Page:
N eurosurgery , like many subspecialized fields in medicine, has become increasingly technological. And, expectedly, this is associated with escalating costs. In an era of cost containment and accountability, neurosurgery resultantly finds itself in a quandary. The awestruck days of “well, it's neurosurgery” are fleeting, as is the reliance on mild improvements in functional domains or clinical outcomes. We contend that addressing and attempting to maximize health-related QOL in neurosurgery is an important, relatively underutilized, investigative approach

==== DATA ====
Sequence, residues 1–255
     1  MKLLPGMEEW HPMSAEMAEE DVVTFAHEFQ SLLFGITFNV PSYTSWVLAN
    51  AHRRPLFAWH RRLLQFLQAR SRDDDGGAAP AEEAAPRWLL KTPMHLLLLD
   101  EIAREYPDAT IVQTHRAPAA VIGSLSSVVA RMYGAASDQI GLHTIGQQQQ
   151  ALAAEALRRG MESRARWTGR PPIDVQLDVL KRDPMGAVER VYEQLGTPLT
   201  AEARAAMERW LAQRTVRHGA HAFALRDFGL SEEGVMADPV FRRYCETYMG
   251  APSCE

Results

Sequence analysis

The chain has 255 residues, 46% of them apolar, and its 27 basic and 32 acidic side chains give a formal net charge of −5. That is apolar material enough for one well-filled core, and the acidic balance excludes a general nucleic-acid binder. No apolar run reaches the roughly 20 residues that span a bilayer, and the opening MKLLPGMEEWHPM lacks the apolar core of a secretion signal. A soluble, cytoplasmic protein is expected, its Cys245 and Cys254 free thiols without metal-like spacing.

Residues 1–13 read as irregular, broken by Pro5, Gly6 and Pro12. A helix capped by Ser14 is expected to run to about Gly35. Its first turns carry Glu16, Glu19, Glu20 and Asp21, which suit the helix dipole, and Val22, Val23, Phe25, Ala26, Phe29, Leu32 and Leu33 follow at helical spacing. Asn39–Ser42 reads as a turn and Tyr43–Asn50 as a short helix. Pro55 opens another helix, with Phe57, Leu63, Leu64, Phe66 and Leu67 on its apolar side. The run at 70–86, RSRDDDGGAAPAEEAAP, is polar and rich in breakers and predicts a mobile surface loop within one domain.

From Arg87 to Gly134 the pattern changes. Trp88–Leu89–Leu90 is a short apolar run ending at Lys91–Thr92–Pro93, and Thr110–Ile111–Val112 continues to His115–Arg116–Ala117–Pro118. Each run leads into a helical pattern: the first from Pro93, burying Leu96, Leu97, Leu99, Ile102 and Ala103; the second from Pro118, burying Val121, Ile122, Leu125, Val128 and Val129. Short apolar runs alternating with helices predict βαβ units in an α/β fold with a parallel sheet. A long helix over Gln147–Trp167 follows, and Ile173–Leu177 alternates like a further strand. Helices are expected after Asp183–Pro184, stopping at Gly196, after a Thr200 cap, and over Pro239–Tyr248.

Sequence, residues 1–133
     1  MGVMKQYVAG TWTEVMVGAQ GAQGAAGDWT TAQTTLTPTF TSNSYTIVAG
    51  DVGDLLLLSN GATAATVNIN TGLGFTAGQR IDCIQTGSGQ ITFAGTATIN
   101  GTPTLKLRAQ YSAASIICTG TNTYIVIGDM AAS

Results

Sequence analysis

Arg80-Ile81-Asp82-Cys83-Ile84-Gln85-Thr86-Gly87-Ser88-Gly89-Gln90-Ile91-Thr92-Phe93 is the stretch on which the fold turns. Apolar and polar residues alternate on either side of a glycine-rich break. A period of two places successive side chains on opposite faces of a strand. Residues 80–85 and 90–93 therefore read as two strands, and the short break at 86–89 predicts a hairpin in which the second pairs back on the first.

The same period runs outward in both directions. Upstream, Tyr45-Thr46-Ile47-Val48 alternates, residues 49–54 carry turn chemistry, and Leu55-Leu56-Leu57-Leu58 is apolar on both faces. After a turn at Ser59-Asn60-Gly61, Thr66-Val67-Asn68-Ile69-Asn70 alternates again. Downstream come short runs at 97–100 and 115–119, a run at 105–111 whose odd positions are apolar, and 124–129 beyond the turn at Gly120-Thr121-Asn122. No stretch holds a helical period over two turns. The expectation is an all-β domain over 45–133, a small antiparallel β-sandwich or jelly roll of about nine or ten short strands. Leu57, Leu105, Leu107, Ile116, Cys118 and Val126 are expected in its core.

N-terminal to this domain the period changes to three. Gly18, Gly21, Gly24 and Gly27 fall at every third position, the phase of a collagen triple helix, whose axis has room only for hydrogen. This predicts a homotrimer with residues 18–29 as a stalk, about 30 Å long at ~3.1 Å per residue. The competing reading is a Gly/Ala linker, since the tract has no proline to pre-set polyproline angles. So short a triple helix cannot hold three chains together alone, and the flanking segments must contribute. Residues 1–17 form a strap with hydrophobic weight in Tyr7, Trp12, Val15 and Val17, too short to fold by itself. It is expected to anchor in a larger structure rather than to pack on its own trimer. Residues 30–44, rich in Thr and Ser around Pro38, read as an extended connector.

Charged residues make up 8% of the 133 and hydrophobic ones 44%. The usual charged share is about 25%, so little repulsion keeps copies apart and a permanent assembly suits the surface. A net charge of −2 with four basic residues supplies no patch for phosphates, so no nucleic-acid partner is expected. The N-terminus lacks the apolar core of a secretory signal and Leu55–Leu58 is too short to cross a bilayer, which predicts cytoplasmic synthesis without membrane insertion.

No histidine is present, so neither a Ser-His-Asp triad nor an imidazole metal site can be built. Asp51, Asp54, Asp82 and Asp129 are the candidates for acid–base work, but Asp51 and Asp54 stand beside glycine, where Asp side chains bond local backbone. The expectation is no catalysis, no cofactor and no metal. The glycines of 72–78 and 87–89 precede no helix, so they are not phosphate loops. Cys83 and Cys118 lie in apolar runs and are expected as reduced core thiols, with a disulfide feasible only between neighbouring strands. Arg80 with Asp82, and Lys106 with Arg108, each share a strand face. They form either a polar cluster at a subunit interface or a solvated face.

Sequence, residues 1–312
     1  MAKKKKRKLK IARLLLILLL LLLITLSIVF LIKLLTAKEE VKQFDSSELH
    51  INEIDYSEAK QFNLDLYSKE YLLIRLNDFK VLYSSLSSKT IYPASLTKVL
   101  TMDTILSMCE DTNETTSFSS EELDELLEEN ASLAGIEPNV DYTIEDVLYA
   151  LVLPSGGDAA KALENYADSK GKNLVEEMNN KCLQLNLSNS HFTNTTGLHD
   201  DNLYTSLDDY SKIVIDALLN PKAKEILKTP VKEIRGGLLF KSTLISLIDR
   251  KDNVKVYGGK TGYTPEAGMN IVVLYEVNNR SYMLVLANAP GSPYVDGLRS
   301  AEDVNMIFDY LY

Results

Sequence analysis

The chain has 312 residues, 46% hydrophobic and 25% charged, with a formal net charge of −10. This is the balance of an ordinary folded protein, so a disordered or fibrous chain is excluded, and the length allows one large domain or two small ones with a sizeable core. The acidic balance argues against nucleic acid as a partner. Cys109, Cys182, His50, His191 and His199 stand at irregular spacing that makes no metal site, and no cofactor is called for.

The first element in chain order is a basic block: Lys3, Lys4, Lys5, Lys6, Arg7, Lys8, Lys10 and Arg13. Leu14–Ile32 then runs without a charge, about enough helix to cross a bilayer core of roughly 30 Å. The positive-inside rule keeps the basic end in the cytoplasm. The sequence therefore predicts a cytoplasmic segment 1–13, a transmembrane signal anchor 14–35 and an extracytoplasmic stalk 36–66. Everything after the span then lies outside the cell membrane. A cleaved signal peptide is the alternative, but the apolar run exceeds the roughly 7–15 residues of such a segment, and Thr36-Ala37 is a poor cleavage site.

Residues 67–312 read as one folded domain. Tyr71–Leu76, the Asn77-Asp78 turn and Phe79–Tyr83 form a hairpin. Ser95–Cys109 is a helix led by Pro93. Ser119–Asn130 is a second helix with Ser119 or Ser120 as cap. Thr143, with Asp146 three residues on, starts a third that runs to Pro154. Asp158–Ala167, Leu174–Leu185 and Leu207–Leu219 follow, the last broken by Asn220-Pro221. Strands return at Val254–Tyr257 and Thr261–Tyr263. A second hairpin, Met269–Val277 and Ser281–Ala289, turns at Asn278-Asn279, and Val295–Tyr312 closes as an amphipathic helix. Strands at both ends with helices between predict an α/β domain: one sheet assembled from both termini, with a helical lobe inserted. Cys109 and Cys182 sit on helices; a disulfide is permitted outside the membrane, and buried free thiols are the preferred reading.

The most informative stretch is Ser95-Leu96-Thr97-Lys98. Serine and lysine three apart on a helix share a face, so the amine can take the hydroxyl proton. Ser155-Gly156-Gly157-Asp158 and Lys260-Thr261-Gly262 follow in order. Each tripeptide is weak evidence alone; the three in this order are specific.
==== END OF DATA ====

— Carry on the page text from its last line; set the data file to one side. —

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Srinivas Chivukula, Gregory M. Weiner and Johnathan A. Engh

T he popularization of general anesthesia and the discovery of the concept of antisepsis in the 19th century paved the way for rapid advancement in neurosurgery. 25 William Morton's (1819–1868) now famous demonstration of ether anesthesia in 1846 at the Massachusetts General Hospital, and Joseph Lister's (1827–1912) later identification of microorganisms as causative of postoperative infection contributed greatly to improvement in neurosurgical outcomes; prior to this time, operations resulted in severe morbidity, and not infrequently were fatal. 22 , 34

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Cary D. Alberstone, Edward C. Benzel and Deborah Garcia